Sharpness satisfied. A few wide shots seemed a smidgen soft, but those were a minor distraction, as the majority of the movie exhibited good to great delineation. No issues with shimmering or jaggies materialized, and edge haloes remained absent. I noticed no print flaws, and the image showed light but consistent grain.

Colors were fine. The film didn’t boast a broad palette, as it preferred a tone that emphasized an “industrial gray” feel. Some brighter hues popped up on occasion, though, and the colors remained appropriate. Blacks were dark and tight, and shadows showed nice delineation. This became a satisfying rendition of the movie.

The Dolby TrueHD 5.1 soundtrack of Ghostbusters worked well. Ghostbusters didn’t use a tremendously broad soundfield, but it opened things up more than usual for a flick of its era.

Music showed nice stereo dimensionality, while effects spread smoothly across the front. As one might expect, the various ghost-related scenes offered the best opportunities for movement and activity, so the soundtrack provided the most action in its second half.

The surrounds added good life during those spook segments. They kicked in good reinforcement of the spirits and Ghostbuster attacks, so they became reasonably active partners in the action.

Audio quality held up well over the last 29 years. Only a smidgen of edginess ever interfered with the lines, as they usually seemed clear and concise.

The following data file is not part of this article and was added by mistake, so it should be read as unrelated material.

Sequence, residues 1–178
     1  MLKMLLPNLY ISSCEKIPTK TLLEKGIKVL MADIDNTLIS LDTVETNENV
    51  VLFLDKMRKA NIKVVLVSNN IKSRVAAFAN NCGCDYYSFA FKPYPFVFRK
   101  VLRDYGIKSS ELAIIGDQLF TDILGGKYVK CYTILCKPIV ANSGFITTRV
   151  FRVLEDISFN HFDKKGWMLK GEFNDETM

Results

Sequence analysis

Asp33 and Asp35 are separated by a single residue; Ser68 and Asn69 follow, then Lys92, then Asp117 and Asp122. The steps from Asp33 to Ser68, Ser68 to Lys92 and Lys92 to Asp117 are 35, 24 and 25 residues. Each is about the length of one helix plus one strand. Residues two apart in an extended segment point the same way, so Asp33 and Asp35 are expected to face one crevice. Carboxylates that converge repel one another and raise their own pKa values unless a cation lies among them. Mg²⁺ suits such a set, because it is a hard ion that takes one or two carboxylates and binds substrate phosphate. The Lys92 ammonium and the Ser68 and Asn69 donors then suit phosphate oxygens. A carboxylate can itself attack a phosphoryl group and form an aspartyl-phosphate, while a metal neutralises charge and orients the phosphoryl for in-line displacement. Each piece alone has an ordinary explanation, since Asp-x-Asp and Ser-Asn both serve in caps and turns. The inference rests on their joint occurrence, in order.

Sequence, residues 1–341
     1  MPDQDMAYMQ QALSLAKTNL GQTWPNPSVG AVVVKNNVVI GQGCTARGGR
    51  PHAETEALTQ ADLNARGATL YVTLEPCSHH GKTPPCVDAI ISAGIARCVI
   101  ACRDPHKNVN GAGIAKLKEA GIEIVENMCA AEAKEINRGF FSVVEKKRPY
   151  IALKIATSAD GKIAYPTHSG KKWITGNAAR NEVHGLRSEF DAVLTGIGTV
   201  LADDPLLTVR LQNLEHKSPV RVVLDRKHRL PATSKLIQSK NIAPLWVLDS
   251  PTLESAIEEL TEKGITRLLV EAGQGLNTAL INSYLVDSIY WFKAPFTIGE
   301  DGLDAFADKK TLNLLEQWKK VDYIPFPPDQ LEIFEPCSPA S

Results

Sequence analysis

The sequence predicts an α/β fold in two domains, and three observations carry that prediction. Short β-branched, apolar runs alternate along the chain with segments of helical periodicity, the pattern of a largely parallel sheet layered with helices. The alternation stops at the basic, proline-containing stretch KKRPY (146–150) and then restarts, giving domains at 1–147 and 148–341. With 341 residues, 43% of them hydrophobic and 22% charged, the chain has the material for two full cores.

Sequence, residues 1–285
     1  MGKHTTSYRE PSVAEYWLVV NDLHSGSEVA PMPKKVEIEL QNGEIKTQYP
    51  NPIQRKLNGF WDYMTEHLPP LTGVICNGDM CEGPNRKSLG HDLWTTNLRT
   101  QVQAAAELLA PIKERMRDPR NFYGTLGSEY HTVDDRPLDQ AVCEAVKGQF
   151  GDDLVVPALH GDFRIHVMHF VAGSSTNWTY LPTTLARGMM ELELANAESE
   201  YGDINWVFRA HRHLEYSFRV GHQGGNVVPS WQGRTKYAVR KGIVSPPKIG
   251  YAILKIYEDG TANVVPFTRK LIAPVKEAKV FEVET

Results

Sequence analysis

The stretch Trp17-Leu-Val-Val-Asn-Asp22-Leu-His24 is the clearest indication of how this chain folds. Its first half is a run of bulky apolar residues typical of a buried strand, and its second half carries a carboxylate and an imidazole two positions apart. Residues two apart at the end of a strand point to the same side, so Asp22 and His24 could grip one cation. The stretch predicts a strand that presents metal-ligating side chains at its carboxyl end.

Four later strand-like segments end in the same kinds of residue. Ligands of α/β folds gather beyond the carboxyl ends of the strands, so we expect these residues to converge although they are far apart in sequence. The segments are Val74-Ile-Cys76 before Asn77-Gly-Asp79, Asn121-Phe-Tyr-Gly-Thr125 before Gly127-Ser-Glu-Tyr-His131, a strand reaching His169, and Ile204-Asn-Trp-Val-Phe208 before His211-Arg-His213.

Music showed good range and vivacity, and effects appeared well-rendered. The various elements showed nice definition and offered a good punch in the louder moments. Distortion wasn’t a problem, as only a little crackling ever crept through into the mix. This was a well above average track for a mid-80s flick.

How did the 2013 Blu-ray compare to the 2009 Blu-ray release of Ghostbusters? Audio was a wash, as I thought both TrueHD tracks sounded virtually identical.

Visuals were a different matter – to a mild degree, at least, as the 4K disc offered modest improvements. But improve upon its predecessor it did, with slightly better definition, a more accurate sense of contrast and more natural colors. In particular, skin tones seemed superior, as they looked less gray this time. I still think the original Blu-ray looks good, but the 4K delivers a moderately more satisfying presentation.

As mentioned earlier, the 4K line of Blu-rays omits extras. That means we lose the commentary, the deleted scenes and all the other materials.

After almost 30 years, Ghostbusters remains a comedy classic. I’ve seen this movie at least 30 times over that quarter of a century. And you know what? It still makes me laugh. The Blu-ray offers very nice visuals and audio but lacks any supplements. The absence of the old bonus features means that fans will need to keep their 2009 Blu-rays, but those who want the highest-quality representation of Ghostbusters should give this 4K release a look; it’s not revelatory but it’s an improvement.

To rate this film, visit the Double Feature Gift Set Edition review of GHOSTBUSTERS